This invited blog post was contributed by Ali Shiri, Professor at the School of Library and Information Studies, University of Alberta.
The emergence of large scale digital libraries and repositories such as HathiTrust, the Internet Archive, the Open Library, the Digital Public Library of America, Europeana and the World Digital Library, provide new opportunities for digital information users to openly and freely interact with a broad range of digital objects. The unprecedented availability of massive digital collections of books, manuscripts, images, photos, and maps offers new, individual and collective ways of making sense of information and of creating digital content.
The implications of using, reusing and repurposing digital content and collections, in this open and information rich environment, are profound and multifaceted, cutting across many different institutional
contexts such as libraries, archives and museums, as well as numerous disciplines and a wide range of user communities and audience types. Access to digital libraries, in particular, has been closely associated with and discussed in regards to such measures of impact, value and usefulness. In fact, a cursory glance at many digital library evaluation models that have been developed in the past two decades, demonstrates the importance of impact assessment and usability of digital libraries. In today’s world, digital information users, academic as well as the general public, are able to make use of digital libraries to read, explore, entertain, write, research, create and contextualize. Users engage in a diverse range of information practices and tasks, including searching, retrieving, using, learning, conceptualizing, synthesizing, presenting and disseminating. The use and reuse of digital objects is at the centre of all these activities. Teachers use digital libraries to support learning and instruction. Researchers make use of digital information and digital research objects to support the production and dissemination of new knowledge. Digital humanists make use of digital objects both as learning and research artifacts.
In line with these developments, the area of digital public scholarship is emerging as many disciplines within the humanities and social sciences promote the creation and use of digital artifacts and objects, not only by researchers and scholars but also by the general public. Community archives and numerous digital humanities projects that generate digital data and artifacts open a new horizon for the general public to develop digital literacy and digital fluency skills. Thanks to the availability of a diverse range of tools for using and modifying digital objects, digital information users are now capable of creative, innovative and novel use of digital objects to support discovery and exploration.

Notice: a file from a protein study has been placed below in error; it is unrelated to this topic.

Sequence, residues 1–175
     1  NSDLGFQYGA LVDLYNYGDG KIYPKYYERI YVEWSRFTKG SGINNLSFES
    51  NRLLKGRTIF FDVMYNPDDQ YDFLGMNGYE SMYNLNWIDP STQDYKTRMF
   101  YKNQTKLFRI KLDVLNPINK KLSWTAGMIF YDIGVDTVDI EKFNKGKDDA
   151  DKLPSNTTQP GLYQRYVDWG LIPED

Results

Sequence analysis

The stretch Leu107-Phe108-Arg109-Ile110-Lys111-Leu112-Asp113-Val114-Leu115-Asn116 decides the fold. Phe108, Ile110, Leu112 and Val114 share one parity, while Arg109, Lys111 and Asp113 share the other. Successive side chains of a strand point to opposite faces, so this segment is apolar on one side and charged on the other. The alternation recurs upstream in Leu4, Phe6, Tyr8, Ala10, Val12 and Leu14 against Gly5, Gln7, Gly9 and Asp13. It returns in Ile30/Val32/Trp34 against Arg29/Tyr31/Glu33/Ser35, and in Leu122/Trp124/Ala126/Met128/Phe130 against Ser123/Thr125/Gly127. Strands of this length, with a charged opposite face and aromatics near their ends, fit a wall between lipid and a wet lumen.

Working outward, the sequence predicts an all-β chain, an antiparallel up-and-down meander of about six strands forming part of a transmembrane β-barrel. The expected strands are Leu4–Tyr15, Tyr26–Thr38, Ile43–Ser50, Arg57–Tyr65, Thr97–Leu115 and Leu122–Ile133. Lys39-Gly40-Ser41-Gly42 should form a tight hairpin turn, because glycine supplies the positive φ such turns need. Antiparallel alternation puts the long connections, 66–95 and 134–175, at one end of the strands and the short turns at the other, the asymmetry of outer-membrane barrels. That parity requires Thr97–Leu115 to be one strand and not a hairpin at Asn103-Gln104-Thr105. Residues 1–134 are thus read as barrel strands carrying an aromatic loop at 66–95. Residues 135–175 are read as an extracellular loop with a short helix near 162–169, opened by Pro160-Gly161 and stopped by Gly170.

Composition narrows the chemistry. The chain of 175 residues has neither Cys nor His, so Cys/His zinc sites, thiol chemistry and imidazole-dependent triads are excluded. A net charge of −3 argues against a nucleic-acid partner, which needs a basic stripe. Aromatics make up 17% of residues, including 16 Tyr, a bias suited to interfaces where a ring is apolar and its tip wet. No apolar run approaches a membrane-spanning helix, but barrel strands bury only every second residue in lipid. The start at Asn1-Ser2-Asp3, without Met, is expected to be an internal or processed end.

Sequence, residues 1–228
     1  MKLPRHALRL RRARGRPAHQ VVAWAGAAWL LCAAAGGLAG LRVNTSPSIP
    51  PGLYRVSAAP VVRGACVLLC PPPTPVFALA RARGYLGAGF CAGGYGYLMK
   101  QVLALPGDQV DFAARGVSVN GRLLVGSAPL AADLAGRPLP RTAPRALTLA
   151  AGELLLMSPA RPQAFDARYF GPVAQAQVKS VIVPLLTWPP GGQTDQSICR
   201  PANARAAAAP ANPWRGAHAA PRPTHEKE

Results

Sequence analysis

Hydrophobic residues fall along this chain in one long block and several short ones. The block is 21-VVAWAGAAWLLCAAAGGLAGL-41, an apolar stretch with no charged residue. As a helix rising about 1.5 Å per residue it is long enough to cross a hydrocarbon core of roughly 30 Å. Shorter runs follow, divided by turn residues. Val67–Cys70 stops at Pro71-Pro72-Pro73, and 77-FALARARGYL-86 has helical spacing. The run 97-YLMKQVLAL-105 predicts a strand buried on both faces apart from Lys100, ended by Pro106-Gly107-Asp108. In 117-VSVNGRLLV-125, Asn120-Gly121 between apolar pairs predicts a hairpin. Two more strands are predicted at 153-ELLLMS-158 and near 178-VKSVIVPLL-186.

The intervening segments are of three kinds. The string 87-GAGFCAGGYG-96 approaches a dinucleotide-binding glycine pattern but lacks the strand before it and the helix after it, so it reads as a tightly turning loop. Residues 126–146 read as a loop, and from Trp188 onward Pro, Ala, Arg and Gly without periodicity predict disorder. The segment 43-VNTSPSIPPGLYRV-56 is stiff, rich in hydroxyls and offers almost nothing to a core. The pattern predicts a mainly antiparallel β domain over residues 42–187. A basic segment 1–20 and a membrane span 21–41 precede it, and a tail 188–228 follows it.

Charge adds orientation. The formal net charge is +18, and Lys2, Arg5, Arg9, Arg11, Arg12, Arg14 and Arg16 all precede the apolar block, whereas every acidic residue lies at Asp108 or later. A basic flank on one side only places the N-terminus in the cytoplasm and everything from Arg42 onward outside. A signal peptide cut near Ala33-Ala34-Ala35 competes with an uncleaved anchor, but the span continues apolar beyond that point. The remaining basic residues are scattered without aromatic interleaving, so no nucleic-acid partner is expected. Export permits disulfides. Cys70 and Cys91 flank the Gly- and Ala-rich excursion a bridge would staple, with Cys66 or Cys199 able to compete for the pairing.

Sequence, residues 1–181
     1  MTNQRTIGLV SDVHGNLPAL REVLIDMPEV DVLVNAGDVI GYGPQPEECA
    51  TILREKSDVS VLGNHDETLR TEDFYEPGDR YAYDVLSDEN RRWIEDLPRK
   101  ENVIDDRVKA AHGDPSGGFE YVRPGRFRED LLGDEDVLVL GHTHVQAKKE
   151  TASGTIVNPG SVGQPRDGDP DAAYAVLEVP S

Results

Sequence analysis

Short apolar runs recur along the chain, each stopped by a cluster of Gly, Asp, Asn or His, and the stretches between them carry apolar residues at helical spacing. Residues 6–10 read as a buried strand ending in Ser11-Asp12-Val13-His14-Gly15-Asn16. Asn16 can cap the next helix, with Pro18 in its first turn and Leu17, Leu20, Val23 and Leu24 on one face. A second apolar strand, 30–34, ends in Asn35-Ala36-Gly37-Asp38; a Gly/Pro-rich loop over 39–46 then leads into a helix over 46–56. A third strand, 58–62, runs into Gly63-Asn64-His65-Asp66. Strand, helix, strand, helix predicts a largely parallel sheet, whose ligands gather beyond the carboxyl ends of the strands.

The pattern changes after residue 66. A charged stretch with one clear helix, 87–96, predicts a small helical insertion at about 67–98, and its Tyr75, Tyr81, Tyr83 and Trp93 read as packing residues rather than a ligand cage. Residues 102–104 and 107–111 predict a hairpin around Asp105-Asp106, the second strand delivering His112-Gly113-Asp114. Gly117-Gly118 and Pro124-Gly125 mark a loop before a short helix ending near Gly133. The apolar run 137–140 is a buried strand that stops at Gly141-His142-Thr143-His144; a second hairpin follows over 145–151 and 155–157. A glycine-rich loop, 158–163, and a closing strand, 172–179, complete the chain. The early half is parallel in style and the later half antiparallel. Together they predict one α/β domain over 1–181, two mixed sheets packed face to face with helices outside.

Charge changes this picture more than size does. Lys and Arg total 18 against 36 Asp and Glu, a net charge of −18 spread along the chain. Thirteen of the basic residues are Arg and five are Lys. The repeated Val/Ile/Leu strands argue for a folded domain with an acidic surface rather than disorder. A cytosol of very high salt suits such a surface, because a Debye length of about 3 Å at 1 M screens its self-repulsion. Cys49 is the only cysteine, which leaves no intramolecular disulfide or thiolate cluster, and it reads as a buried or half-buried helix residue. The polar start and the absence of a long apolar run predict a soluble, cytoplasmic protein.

Assessment of the value, impact and usability of digital objects requires a holistic and multidimensional framework that takes into account use, reuse and repurposing of digital objects. While user evaluation studies have contributed significantly to how we measure, assess and evaluate the value of digital libraries as a whole, we need to be able to demonstrate the value of digital libraries at the digital object level as well. There are quantitative measures associated with the use and reuse of digital objects such as the number of clicks, downloads, bookmarks, views, likes, and items shared and saved. However, these measures only provide a general indication of impact and value. We need measures that document and demonstrate the quality, extent and nature of the use and reuse of digital objects in relation to such facets as the context, discipline, collection that the object belongs to, geographic origin, time period and the nature of task or the information-bearing object that contains the used or reused item. This will call for a holistic assessment framework that addresses various aspects and components of use and reuse as well as techniques, tools and technologies that support digital object use and reuse. Development of such a framework should be evidence-based, empirically-supported and should be based on qualitative and quantitative data, use cases, and user evaluation studies that involve diverse user groups and target audiences. A typology of reuse cases may, for instance, include digital object reuse in the context of educational, cultural, linguistic, artistic, historical, chronological, geographical, and genealogical research and exploration. The value and impact of digital objects and their reuse should be conceptualized not only as part of the scholarly communication lifecycle but also as part of lifelong learning and recreational experiences and activities of digital information users and searchers. It is timely for the digital library community to ensure and promote the relevance and usefulness of digital libraries by providing new frameworks and measures that evaluate and assess the impact of use and reuse of digital objects in relation to intellectual and artistic creativity as well as to informed citizenry, social responsibility and democracy.